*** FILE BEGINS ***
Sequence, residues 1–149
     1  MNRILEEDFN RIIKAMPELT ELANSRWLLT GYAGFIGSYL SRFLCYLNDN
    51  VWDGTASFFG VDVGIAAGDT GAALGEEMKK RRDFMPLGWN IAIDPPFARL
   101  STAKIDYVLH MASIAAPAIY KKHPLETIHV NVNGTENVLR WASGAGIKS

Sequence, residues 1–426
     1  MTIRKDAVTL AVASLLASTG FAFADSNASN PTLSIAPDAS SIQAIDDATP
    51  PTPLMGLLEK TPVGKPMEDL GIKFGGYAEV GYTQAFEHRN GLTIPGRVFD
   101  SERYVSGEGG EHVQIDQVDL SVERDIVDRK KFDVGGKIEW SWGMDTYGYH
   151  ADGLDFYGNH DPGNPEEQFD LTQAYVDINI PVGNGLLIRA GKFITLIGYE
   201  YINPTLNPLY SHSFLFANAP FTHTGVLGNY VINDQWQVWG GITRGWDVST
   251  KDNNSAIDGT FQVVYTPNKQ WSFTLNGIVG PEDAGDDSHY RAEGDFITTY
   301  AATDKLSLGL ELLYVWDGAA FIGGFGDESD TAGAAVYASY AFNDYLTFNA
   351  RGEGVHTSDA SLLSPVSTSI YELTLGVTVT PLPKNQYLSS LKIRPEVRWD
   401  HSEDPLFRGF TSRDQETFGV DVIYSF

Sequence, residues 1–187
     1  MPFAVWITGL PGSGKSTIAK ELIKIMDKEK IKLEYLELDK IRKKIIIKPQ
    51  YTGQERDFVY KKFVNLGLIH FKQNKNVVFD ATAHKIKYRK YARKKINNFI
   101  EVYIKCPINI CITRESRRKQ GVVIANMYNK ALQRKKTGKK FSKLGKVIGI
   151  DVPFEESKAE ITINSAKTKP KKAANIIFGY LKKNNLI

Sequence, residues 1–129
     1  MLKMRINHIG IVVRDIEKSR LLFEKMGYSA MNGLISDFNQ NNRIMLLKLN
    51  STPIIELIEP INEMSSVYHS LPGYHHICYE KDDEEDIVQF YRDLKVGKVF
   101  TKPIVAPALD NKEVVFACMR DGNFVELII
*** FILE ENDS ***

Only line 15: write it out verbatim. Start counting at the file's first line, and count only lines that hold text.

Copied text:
Sequence, residues 1–187